Leslie Chong is a JD candidate at Osgoode Hall Law School, and is currently enrolled in Professor Ikechi Mgbeoji’s Patents class, in Fall 2011. As part of the course requirements, students are asked to write a blog on a topic of their choice.
Touted as the most significant development in American patent law since 1952, the Leahy-Smith America Invents Act (“AIA”) aims to reform the current U.S. patent system in an effort to foster innovation by allowing “entrepreneurs and businesses to bring the inventions to market sooner, creating new businesses and new jobs”.
As the topic du jour shifts away from the U.S. becoming a “first-to-file” patent system and the introduction of a post-grant review process, commentators begin to unravel the intricacies of the AIA and the impact they will have on patent-reliant industries. The dust has begun to settle, and commentators have started to question whether the AIA will be effective in assisting small businesses and start-up companies.
As a means to help ease the financial cost of patent applications for small businesses, the AIA has introduced the concept of “micro entities” as new category of patent applicants. A “micro entity” is defined under section 35 U.S.C. § 123. To qualify, the applicant must “(i) qualify as a small entity; (ii) be named as inventor on no more than four previously-filed patent applications; (iii) have less than three times the median household income in the previous calendar year; and (iv) have not granted a license or ownership interest in the application to an entity who does not meet criteria (iii)” (see here for a detailed discussion of criteria).
Under the existing U.S. patent system, qualifying “small entities” received a 50% reduction in various fees as compared to “large entities” in the patent application process. Under the newly unveiled AIA provisions, a patent applicant that meets the requirements to become a “micro entity” is entitled to a 75% reduction in fees.
While this provision appears to support the government’s promise of reviving the U.S. economy by spurring innovation among entrepreneurs, these “micro entity” discounts are not available until 2013. Rather, the immediate increase of 15% to all patent fees actually makes the patent application process more expensive for small businesses – at least until the “micro entity” provisions become operable. With no indication as to whether refunds or credits for overages will be granted to qualifying “micro entities” who have made applications in this interim period, it is uncertain whether the AIA provision will provide any immediate stimulus to the U.S. economy.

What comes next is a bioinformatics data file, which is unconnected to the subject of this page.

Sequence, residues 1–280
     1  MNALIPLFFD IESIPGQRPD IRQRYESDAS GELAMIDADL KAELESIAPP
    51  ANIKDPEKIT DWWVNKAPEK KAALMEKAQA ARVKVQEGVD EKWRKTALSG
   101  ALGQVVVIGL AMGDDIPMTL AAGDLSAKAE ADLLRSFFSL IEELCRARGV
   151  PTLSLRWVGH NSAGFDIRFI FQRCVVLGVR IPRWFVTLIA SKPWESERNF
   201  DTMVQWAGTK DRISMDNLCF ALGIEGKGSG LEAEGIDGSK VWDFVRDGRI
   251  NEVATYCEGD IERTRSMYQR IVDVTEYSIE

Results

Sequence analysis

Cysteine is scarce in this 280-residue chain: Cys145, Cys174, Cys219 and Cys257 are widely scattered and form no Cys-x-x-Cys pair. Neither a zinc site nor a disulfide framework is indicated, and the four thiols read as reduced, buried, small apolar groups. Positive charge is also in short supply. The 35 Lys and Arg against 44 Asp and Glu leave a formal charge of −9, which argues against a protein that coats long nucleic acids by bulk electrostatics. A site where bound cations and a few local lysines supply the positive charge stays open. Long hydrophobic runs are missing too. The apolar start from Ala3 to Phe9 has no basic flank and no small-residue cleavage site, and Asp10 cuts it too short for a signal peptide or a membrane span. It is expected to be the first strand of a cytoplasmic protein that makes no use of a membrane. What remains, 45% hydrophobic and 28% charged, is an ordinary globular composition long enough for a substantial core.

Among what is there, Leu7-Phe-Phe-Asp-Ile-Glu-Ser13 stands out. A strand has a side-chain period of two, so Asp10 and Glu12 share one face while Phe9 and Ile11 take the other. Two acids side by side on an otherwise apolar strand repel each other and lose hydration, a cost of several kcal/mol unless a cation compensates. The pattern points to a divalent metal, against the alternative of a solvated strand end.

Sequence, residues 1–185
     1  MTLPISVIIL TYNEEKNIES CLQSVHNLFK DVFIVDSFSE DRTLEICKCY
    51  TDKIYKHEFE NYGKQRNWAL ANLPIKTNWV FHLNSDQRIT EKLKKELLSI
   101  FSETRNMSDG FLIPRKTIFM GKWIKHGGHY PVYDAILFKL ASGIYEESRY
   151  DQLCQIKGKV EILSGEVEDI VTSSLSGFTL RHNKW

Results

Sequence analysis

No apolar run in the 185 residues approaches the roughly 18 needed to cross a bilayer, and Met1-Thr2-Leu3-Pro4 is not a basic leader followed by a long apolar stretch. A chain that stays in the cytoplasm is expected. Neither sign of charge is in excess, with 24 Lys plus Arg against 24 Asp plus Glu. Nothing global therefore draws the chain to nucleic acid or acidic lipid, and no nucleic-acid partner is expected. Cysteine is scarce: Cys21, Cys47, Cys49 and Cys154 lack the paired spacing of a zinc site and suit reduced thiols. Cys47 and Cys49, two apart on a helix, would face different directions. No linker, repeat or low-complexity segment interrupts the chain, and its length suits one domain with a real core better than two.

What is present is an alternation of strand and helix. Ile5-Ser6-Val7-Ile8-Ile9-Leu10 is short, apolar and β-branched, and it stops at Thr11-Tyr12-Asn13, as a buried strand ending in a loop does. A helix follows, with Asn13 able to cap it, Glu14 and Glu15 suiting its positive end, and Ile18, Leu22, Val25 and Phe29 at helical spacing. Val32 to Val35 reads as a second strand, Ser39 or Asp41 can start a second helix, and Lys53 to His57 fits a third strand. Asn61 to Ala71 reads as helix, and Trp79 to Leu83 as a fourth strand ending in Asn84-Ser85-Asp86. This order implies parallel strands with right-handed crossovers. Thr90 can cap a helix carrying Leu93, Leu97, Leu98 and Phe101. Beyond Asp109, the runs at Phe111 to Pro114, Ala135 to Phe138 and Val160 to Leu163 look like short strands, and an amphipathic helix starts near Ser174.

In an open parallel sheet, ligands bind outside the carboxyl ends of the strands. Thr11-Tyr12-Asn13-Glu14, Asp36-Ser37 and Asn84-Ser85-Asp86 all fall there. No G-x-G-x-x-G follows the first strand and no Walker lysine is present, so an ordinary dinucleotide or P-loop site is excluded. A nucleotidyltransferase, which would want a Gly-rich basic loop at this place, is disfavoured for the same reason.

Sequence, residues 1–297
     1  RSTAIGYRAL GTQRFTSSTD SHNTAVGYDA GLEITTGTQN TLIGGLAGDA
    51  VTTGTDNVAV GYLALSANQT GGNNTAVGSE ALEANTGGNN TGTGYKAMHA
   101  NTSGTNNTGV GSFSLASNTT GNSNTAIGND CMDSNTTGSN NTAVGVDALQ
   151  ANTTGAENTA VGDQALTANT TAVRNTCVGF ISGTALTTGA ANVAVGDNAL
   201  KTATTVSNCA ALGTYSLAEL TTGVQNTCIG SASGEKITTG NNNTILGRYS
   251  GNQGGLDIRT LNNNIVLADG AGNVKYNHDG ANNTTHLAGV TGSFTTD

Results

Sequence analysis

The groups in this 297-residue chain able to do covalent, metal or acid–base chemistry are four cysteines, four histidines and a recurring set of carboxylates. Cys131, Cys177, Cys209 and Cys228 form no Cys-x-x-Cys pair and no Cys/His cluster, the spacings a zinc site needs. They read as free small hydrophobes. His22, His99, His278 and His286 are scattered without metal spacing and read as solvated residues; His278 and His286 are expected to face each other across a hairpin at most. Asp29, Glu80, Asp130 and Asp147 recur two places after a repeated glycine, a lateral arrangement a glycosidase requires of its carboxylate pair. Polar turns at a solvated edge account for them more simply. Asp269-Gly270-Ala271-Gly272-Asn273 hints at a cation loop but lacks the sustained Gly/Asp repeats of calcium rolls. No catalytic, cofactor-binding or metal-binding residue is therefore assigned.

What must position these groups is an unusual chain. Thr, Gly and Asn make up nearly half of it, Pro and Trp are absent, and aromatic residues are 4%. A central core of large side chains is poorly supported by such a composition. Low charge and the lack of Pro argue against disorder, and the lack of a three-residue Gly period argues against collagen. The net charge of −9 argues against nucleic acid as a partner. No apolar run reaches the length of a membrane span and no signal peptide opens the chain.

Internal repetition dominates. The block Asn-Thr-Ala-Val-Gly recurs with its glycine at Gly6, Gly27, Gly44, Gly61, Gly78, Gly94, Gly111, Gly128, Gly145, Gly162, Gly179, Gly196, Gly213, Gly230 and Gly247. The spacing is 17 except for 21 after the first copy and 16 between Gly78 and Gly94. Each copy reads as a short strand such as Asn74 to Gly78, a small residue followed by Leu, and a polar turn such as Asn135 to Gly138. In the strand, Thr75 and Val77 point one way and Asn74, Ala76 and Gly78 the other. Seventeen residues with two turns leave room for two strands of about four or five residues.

With support from the Coalition for Patent Fairness, which represents well-established corporations like Google, Apple, Cisco and RIM, one might question whether the AIA is unintentionally helping big companies that already possess a sophisticated patent portfolio. Putting the issue of increased fees aside, groups representing small businesses and their investors have also argued that these changes place larger companies with deep pockets and fleets of patent lawyers at a clear advantage in the “first-to-file” system.
However, supporters of the AIA still believe that the changes will (in the end) benefit small businesses. They have cited the Prioritized Examination (“PE”) provision, for example, as a way of allowing smaller businesses to tailor their investments in a single area of expertise and to fast track the patent examination process. These provisions will allow businesses to reduce the average 3-4 year examination period to less than 12-months. This PE program is at a substantially reduced fee for smaller businesses, and allows them to “quickly ramp up the size of their patent portfolio”.
Furthermore, AIA proponents point to new provisions that reduce the need to rely on patent lawyers. For example, the AIA now reduces the need for opinions of counsel in order to establish a defense to willful patent infringement. While in the past these opinions of counsel were used as a defensive tactic to avoid the threat of excessive damages, they are very expensive to obtain and often put smaller businesses at a disadvantage. With the AIA, smaller businesses can operate without needing to incur costs in their defensive strategies since “the failure of an accused infringer to obtain an opinion of counsel… cannot be used to prove willful infringement”. And while some surmise that the AIA is actually increasing reliance on patent lawyers, it will be interesting to see if these changes (and others) will actually reduce the cost of the patent process for small businesses.